Understand the cycle to fertilize more efficiently
Harvest is in full swing, but the impact of a difficult planting season is still apparent from the combine perch. While phosphorus (P) might have been plentiful in the soil, a cold, wet spring tricked the nutrient from working its magic.
"Several farmers told me that if their starter applicators got shut off or plugged, the corn that did not receive starter was a foot shorter a few weeks before tasseling," says Farm Journal Field Agronomist Ken Ferrie.
We’ll explain why in a minute. For now, understand that P helps cells elongate and divide, which is how plants grow. This unique role makes P a very important nutrient.
In this article, we’ll explain how P works. In future installments of Nutrient Navigator, we’ll tell you how, in certain seasons, the right amount of P can boost corn yield by 30 bu. to 40 bu. per acre.
Along with cell elongation and division, adequate P levels are required to transfer starches—especially sugars within a plant. "If a corn plant can’t transfer sugars, which are produced in the upper part of the plant, to other areas, the plant stops growing," Ferrie explains. "When that happens, plants take on a purple appearance. It’s similar to what happens to trees in the fall; when sugar is no longer being transferred, the leaves change color."
Corn plants need P early. "Because phosphorus is so important to early growth and development, the majority needs to be taken up early in the growing season," Ferrie says. "This is different from nitrogen, which plants can take up throughout the season."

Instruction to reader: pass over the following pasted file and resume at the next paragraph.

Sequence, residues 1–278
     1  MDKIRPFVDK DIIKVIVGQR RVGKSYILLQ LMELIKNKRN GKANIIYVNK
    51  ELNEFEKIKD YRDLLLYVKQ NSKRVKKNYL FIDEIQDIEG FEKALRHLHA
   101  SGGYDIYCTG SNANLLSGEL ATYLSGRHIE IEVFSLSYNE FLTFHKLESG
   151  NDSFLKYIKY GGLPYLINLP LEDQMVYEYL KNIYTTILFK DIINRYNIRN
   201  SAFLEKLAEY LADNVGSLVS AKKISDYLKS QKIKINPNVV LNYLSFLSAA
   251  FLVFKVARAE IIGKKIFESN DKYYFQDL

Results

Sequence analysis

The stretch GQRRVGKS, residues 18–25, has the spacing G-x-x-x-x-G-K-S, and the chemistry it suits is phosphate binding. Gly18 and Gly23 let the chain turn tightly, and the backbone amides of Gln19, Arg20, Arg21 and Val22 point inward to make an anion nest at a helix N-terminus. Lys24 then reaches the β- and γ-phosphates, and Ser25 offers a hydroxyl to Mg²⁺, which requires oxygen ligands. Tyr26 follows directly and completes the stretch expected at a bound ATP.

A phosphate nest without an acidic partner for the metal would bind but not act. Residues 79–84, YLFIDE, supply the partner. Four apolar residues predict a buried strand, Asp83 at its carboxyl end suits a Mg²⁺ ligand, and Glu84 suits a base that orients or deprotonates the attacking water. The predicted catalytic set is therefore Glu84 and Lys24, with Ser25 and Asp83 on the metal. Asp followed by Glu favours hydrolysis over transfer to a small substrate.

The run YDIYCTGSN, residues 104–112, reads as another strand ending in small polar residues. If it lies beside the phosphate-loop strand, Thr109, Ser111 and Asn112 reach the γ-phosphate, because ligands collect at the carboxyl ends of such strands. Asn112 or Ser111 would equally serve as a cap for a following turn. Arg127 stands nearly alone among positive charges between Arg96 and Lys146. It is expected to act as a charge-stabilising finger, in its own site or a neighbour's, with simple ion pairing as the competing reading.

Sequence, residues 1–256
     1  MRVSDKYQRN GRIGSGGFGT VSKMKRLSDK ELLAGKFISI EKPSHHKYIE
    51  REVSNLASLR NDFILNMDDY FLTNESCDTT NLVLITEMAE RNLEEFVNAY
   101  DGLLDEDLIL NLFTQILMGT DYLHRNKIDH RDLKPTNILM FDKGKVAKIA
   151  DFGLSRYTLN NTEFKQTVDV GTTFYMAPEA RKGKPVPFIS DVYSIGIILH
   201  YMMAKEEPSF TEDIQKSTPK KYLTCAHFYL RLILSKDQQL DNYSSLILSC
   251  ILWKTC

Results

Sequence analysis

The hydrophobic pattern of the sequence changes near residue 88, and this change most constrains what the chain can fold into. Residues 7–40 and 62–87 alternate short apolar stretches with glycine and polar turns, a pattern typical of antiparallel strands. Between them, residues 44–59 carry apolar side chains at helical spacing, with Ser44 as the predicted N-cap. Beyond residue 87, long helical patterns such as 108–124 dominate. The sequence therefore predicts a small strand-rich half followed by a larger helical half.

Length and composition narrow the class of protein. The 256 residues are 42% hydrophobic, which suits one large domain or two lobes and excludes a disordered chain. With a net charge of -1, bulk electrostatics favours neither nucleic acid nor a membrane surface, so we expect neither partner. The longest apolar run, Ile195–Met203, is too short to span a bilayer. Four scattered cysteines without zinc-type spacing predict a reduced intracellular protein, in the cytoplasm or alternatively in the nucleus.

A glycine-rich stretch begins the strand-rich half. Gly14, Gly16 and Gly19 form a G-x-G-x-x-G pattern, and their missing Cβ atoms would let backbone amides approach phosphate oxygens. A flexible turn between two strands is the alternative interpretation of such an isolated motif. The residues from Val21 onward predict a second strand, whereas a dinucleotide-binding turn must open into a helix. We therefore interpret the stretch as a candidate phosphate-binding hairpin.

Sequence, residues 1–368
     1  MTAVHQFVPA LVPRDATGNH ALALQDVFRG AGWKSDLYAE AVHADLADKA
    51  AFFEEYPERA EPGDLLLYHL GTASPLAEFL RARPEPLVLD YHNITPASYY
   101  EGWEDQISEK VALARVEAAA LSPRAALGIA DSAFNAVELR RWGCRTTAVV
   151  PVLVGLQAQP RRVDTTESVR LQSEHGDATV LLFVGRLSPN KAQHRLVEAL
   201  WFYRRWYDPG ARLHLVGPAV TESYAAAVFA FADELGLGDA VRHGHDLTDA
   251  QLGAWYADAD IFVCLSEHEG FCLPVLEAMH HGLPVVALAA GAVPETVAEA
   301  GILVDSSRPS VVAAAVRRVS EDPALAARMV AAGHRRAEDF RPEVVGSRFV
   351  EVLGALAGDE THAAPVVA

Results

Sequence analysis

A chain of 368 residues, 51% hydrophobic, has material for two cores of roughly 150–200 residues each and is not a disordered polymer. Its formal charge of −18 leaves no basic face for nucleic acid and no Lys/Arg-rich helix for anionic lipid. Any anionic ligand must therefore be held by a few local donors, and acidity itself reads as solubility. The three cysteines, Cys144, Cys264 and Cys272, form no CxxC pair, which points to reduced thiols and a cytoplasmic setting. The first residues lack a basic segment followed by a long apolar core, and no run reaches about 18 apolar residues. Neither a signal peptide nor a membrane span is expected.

The role of P in plant development involves two compounds in cells: ATP and ADP. "Phosphorus is constantly cycling between ATP and ADP and back," he says. "In this process, energy is released for growth. Think of it as a spring winding up and letting loose.
"It takes energy, which comes from the sun, to wind the spring or create ATP. When the plant converts ATP to ADP, that’s like letting go of the spring, and energy is released for growth and development. Then the process starts all over again," Ferrie says.
After plants pick up P from the soil, it can be consumed by animals or humans. That makes P essential to every living creature, including microbes.
Plant roots reach P three ways: interception, mass flow and diffusion. These processes occur simultaneously.
Roots intercept P as they grow through the soil. "During their rapid growth stage, corn roots grow 1" to 1½" per day," Ferrie says. "In the process, they encounter nutrients."
In mass flow, plant roots draw water from the soil, literally pulling the soil water to the plant. Nutrients are carried to the plants in the water.
In diffusion, P leaks into the soil water. The P ions move, or diffuse, from organic phosphate stored in the soil to the inorganic phosphate that plants can use by soil microbes.
- October 2013